Thank you to Praveen Gupta, Peter Kerr and Karen Leong for taking part. Such an important discussion and two people here speaking from the heatwave!
Friend’s content and mine
How To KEEP Your Wardrobe ORGANISED – if you are ready to reduce your fashion footprint, sign up for this event with Nathalie Ricaud, she’s terrific.
Who Am I Triyng To Be? My friend Pravin Shekar is such a wonderful human being, always with perfect insights. Follow him.
The path to purpose, with Neerja Singh – such a privilege to do this podcast with Neerja Singh, on her path to purpose. Beautiful and genuine.
If everyone gave #just10percent of their time, talent, money or voice, we’ll change the world. Can you donate? Make it a regular donation to the World Food Programme. Or donate to the UN Refugee Program, Medicine Sans Frontier, PowerOf , Kiva.org , Soi Dog Foundation. It’s a time for giving and taking care of each other.
Content to read
And here’s the content I’ve been reading or watching this last week. Scan the headlines, read the ones that jump out at you, read or watch them all. Knowledge is power, and global knowledge is even more powerful.
Kiri Meets Bill| Climate Science Translated
Bill McKibben Explains Global Warming By The Numbers tks Gary Crause
Kim Stanley Robinson: “Climate, Fiction, and The Future”
Jordan Klepper Recaps the NRA Convention and Clarence Thomas’s Corruption Scandal
Business and technology
The A.I. Dilemma
Tristan Harris Congress Testimony: Understanding the Use of Persuasive Technology
Cost Of Beauty : A Dove Film
Mercury Retrograde Wants Us to Slow Down and Go Analog tks Stephanie Dickson
Richard Dawkins vs Piers Morgan On Religion and Gender
Passion, humour, history
Jack BlacK – Peaches| Super Mario Bros tks Charles Pulaski
Let me know what jumped out at you? Or share with me what you’re reading? I love that!
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Four environment resources to help you navigate this challenging territory.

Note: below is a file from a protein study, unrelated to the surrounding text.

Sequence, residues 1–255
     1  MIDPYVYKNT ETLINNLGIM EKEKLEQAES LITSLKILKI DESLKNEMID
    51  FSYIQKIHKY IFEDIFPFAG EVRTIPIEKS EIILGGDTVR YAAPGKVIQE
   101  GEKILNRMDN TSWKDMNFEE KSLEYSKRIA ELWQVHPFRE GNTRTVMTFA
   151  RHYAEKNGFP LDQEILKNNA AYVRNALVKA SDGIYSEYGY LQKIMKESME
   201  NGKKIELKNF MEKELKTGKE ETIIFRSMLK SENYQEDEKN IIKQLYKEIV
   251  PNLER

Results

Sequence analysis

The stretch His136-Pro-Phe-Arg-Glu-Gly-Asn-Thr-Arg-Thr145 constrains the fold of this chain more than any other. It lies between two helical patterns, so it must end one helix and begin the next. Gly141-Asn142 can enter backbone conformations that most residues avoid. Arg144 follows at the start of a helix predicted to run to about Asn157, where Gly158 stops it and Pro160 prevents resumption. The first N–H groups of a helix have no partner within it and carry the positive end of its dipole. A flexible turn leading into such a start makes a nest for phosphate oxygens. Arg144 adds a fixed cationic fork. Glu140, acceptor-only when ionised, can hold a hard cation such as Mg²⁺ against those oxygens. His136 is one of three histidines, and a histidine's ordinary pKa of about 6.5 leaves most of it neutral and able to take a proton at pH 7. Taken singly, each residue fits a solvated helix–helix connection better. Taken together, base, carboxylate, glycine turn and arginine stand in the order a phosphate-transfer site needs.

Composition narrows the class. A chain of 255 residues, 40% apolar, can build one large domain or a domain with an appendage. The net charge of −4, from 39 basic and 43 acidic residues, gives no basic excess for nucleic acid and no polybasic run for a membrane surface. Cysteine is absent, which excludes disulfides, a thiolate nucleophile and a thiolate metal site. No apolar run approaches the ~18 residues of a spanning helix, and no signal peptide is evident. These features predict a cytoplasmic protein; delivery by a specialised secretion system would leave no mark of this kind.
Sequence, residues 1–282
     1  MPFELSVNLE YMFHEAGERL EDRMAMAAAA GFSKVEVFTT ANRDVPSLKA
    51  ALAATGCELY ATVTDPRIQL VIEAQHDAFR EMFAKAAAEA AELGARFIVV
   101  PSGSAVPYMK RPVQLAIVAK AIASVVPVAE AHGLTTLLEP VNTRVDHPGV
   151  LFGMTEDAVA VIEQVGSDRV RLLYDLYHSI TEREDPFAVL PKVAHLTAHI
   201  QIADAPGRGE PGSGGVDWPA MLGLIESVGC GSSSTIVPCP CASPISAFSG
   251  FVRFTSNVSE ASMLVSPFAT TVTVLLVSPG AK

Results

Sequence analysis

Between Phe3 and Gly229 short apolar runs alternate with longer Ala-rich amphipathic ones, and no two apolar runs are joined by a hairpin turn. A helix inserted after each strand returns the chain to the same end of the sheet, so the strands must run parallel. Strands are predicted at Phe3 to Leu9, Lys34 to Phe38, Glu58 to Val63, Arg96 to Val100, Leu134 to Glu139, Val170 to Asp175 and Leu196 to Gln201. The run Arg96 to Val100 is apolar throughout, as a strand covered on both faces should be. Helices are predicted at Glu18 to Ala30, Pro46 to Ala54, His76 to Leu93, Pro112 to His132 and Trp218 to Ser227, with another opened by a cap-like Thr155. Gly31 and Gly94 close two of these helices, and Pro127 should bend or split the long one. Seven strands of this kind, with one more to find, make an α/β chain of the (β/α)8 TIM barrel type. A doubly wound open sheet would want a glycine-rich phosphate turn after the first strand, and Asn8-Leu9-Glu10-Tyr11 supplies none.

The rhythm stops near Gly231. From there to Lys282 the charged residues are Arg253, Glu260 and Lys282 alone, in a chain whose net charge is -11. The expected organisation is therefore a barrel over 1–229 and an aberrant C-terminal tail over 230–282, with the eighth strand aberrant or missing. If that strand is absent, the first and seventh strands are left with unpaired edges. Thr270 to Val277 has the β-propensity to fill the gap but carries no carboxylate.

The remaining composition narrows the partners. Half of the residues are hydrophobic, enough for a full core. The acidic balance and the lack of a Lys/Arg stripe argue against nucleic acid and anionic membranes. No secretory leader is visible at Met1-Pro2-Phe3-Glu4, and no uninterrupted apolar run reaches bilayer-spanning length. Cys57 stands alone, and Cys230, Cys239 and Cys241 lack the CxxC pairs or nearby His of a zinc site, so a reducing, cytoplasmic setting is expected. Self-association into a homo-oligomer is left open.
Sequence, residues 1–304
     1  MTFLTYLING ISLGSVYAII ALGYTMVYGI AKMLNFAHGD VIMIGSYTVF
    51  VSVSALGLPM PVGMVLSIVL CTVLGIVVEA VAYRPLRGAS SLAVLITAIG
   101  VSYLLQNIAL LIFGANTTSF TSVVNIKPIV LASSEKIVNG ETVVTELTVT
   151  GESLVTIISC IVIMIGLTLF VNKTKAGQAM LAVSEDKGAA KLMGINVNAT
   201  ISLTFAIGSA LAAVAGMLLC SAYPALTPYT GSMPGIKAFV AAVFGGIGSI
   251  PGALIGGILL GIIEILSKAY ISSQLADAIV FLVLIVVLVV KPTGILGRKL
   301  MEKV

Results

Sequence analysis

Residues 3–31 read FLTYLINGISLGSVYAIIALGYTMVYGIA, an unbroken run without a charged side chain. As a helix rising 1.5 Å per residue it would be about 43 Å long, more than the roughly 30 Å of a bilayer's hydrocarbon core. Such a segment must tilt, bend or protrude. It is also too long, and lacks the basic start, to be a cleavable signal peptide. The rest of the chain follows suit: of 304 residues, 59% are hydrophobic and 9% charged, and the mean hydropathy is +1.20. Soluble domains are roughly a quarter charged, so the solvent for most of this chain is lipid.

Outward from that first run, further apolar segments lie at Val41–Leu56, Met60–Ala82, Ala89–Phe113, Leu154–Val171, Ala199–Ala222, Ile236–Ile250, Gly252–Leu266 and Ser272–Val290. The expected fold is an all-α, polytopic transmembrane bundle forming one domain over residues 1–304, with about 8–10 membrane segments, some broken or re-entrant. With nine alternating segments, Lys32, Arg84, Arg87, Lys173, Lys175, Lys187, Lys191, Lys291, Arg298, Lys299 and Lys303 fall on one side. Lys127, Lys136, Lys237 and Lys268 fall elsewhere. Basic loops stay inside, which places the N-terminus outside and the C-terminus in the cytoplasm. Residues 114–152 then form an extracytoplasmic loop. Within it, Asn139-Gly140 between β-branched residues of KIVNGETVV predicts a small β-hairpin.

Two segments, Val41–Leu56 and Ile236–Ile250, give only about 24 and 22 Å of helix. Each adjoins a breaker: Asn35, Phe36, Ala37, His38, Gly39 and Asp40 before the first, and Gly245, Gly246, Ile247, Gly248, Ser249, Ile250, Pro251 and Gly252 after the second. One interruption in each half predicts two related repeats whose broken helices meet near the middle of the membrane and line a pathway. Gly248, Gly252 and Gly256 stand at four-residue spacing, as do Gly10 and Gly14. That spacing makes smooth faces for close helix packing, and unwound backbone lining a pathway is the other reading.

- Knowledge, constantly updating
- Individual action and awareness, so we do our part
- Resources for those struggling with eco-anxiety. Please share with your community.
- Finally, more than 100 mini-videos on many topics regarding the multiple crisis’ we face. Feel free to download and use as your own. No credit necessary.
Uncommon Courage: an invitation
Uncommon Courage is an invitation to be your courageous best self every day. It’s also an antidote to the overwhelm, fear, and rage rolling around the world. But it’s more than a book; it’s an invitation to join an inclusive community that wants to better understand humanities challenges – both global and personal – in order to take courageous action and create a better world for everyone. If Covid19 has given us the time and space to reflect, Uncommon Courage gives us the nudge we need to create lasting change.
Better yet, order it from your local bookstore, so you can #SupportLocal.
You can read the reviews, including a new five-star review on Book Commentary, another five-star review on ReaderViews, a review on BookTrib, and three more on Booklife, another on Book Commentary and Blue Ink Reviews. I’m also collating reviews on my Website too. Have a look and grateful to everyone who has written or recorded one.
Come and join the conversation in my Facebook Group Uncommon Courage.